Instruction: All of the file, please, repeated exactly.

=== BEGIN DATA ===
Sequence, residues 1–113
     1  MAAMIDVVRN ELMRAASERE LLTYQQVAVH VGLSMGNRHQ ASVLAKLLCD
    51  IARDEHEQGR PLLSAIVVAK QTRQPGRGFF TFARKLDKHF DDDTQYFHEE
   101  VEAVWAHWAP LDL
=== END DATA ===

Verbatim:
Sequence, residues 1–113
     1  MAAMIDVVRN ELMRAASERE LLTYQQVAVH VGLSMGNRHQ ASVLAKLLCD
    51  IARDEHEQGR PLLSAIVVAK QTRQPGRGFF TFARKLDKHF DDDTQYFHEE
   101  VEAVWAHWAP LDL